3. I dont know you Chloe but, I dont agree with anyone here. Our world is surrounded by Trolls who are trolls because they can be. When ever someone tells you that you dont need this is or that. Try to see why they are saying that and not what they are saying. That place sounds really nice and it sounds like you would be happy there but it would need to be the place you want to stay all the time. Remember no matter where you go there you are. So if its a place that would make you happy do it. If it’s just something to get away from yourself then maybe there are other issues you need to look at. I would always hear friends or family say they need to move to make a change but it was something else going on for them. It doesn’t sound that way for you. As for another place to take care of… that’s true of everyplace you live so why not live there?

    And as for funny quotes “If you cant eat it or fuck it… What good is it?” That’s the simpleton approach at discouraging you from you doing what’s right for you….

  4. I think that is always a good question to ask before any major financial purchase, and you should always try to separate the emotions from the decision. Also I didn’t know you were engaged, congratulations!

  5. Your both right, each from your own point of view. If you want to just get away every so often, it may be easier to just rent something. The beauty of what you wrote is that you both can talk it out like adults. Good job, Ms. Chloe.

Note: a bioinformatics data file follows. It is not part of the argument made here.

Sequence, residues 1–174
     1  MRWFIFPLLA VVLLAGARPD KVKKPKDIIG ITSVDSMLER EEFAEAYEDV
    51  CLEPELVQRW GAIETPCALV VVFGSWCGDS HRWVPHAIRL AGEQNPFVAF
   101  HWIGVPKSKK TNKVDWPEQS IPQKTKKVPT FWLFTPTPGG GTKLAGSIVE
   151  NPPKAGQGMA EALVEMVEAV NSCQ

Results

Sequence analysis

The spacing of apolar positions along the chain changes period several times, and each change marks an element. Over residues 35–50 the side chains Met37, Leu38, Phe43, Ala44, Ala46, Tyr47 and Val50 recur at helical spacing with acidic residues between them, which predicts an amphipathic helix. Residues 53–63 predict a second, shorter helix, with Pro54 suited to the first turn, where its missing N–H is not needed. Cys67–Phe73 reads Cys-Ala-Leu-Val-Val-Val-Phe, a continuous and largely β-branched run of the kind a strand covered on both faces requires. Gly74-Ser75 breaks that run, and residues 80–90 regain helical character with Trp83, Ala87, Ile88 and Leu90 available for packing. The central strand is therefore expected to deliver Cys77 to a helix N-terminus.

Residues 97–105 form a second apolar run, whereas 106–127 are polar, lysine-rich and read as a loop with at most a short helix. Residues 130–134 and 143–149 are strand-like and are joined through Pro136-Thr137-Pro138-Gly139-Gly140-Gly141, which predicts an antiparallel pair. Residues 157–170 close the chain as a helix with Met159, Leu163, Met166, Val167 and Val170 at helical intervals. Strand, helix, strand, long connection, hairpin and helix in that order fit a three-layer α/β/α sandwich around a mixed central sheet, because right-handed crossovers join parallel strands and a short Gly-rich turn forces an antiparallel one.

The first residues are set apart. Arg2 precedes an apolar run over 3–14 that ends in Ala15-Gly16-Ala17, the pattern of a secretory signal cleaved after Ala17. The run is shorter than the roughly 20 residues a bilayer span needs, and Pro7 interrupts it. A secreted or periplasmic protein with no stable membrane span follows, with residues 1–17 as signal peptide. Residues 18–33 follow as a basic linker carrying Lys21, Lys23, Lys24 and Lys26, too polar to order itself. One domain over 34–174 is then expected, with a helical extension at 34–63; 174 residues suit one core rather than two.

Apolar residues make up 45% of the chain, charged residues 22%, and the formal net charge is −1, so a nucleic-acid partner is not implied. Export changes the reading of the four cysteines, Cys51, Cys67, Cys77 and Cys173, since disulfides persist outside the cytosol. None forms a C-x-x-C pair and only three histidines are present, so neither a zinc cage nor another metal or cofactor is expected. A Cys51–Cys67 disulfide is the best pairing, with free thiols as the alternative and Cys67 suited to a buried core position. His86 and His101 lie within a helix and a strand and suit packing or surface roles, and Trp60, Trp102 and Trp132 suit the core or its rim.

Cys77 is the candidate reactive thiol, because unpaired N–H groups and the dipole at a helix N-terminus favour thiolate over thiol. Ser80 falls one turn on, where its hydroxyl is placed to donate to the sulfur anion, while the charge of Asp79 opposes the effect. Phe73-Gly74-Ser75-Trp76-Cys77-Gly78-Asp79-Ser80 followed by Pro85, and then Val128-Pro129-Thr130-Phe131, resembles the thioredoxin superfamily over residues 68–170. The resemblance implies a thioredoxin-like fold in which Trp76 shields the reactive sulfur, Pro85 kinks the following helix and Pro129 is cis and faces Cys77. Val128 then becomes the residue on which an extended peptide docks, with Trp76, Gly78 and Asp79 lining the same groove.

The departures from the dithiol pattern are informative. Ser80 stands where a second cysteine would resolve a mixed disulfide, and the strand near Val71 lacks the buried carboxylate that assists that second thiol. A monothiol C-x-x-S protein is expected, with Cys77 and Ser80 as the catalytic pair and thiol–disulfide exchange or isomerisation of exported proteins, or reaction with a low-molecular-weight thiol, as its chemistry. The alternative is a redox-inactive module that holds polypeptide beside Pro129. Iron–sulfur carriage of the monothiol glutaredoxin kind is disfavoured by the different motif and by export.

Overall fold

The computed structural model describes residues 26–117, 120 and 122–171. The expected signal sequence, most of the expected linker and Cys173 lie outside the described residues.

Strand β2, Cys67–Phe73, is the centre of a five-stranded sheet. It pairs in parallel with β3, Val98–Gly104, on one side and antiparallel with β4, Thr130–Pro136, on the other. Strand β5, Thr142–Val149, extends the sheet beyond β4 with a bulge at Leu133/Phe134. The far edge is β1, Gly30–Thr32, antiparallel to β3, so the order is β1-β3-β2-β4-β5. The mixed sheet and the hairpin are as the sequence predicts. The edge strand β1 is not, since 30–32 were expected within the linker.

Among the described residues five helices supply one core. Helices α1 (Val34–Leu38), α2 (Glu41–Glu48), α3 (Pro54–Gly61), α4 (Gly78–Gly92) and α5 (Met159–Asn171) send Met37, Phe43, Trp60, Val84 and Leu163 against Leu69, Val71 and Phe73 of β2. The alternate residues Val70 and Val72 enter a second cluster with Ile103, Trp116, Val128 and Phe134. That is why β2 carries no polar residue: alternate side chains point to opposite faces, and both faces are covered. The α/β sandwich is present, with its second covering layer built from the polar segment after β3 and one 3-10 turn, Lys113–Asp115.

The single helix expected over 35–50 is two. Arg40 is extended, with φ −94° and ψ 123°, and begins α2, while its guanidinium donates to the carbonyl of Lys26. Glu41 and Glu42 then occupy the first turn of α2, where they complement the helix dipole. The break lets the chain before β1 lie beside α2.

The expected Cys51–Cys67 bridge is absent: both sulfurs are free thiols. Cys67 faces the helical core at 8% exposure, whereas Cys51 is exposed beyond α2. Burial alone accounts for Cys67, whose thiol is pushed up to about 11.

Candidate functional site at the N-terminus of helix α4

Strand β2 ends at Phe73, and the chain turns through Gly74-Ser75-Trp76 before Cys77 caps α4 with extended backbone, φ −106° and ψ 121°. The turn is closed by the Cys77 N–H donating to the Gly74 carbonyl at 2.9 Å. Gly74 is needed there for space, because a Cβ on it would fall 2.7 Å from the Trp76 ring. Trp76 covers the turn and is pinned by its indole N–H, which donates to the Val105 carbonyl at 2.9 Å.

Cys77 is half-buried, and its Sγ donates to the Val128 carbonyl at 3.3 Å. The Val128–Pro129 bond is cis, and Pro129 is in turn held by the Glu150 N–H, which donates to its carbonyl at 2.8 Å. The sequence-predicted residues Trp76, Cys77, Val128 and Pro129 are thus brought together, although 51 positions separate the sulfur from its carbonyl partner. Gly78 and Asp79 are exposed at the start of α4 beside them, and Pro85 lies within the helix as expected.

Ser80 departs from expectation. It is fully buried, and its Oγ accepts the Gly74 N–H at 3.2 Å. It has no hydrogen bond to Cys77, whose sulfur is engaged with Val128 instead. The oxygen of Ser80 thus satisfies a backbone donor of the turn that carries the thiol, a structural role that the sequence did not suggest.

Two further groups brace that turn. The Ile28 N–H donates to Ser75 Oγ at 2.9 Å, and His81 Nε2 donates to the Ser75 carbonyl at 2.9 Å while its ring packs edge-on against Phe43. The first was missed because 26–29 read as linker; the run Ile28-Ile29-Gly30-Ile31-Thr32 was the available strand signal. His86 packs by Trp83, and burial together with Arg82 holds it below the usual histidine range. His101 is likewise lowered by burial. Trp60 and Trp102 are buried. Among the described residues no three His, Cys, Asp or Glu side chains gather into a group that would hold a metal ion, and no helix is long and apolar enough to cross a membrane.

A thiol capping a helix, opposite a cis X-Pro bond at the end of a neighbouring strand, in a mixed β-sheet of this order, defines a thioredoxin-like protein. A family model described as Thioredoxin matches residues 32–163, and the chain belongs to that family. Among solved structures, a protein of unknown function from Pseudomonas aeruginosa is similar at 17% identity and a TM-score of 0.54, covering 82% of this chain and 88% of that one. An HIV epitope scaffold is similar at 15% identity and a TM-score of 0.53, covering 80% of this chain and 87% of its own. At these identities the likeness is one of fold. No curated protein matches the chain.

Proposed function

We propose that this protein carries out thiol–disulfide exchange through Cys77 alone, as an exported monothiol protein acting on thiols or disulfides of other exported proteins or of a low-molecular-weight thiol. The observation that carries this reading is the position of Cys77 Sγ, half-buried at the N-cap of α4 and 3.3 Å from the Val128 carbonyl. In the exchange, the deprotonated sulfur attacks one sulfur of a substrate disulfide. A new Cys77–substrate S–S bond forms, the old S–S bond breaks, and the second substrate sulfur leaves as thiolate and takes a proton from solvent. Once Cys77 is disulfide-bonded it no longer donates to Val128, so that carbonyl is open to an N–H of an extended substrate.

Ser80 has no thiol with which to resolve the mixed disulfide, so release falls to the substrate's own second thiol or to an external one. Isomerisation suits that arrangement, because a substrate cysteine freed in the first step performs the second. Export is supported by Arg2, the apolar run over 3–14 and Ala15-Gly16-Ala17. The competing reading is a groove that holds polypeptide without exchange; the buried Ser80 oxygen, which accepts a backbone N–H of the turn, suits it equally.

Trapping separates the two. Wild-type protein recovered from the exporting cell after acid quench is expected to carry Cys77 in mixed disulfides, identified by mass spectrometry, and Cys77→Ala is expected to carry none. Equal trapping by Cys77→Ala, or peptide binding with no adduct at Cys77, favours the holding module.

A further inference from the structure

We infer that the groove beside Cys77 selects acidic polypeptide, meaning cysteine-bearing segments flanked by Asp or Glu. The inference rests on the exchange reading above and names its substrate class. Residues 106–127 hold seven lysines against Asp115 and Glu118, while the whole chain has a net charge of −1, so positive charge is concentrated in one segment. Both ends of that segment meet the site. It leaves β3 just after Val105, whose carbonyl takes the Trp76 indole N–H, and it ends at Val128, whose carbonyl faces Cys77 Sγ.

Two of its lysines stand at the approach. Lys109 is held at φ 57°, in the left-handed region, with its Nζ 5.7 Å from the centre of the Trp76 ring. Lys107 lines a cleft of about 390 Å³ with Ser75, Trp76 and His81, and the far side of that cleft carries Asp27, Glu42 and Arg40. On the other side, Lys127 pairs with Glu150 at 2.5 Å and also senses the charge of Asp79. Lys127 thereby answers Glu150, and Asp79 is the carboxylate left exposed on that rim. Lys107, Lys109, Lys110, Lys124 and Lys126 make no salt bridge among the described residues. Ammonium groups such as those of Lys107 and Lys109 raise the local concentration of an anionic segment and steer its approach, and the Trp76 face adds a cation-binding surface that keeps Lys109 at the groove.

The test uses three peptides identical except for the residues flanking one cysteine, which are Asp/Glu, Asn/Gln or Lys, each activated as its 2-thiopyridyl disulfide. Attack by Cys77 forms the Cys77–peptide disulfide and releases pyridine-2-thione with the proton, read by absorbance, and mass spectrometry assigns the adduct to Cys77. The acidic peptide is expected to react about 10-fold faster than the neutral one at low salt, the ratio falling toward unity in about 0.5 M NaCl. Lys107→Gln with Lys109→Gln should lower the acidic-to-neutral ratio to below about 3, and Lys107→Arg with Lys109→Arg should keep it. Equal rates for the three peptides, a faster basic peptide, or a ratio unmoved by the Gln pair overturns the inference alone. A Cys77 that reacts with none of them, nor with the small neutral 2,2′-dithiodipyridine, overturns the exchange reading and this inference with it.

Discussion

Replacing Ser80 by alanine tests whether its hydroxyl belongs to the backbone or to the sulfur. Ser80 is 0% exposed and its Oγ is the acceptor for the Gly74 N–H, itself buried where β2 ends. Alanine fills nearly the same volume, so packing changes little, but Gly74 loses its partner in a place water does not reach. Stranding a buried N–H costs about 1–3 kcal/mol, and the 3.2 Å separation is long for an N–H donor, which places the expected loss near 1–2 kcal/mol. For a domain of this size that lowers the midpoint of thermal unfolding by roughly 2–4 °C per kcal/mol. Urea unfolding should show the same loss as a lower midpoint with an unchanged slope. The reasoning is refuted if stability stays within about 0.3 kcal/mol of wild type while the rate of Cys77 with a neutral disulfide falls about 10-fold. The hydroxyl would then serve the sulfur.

6. The best way to relax, get away from the routine of daily life and to spend time with your loved one is to take a break somewhere.My daughter recently spent a few days in a cottage on a remote island on the west coast of Scotland – it had everything she loved :peace and quiet, beaches and wild life on her doorstep. The local fisherman even caught lobsters for her & her partner.But a long term move wouldn’t have been practical.

    So enjoy your life with your partner and take my advice – spend quality time together.

    Have a lovely weekend

  7. I always ask myself do I really need this or do I just want it, plus is it worth it. If I feel that I deserve it or that it is something that will really make me happy inside not just because it is some material thing, then I’m at peace buying it or not. There are so many things that we think or are told that we need, when all we really need is already inside of us and if we share it with another, is more gratifying than any material item or object.

  8. Having your own place somewhere close to nature is one of life’s great experiences. It’s not “stuff” that needs to be de-cluttered. In fact, it’s the opposite of stuff, it’s trees and animals, flowing water and flowers, simple but visceral experiences (like catching and cooking your own meal), etc. And it’s so much better when you can make it your own, improve it, get to know it year after year. And yes it’s also the opportunity to have great sex in your own outdoors paradise! Your fiance was wrong. Go find that great piece of property.

    Et le Quebec est si beau!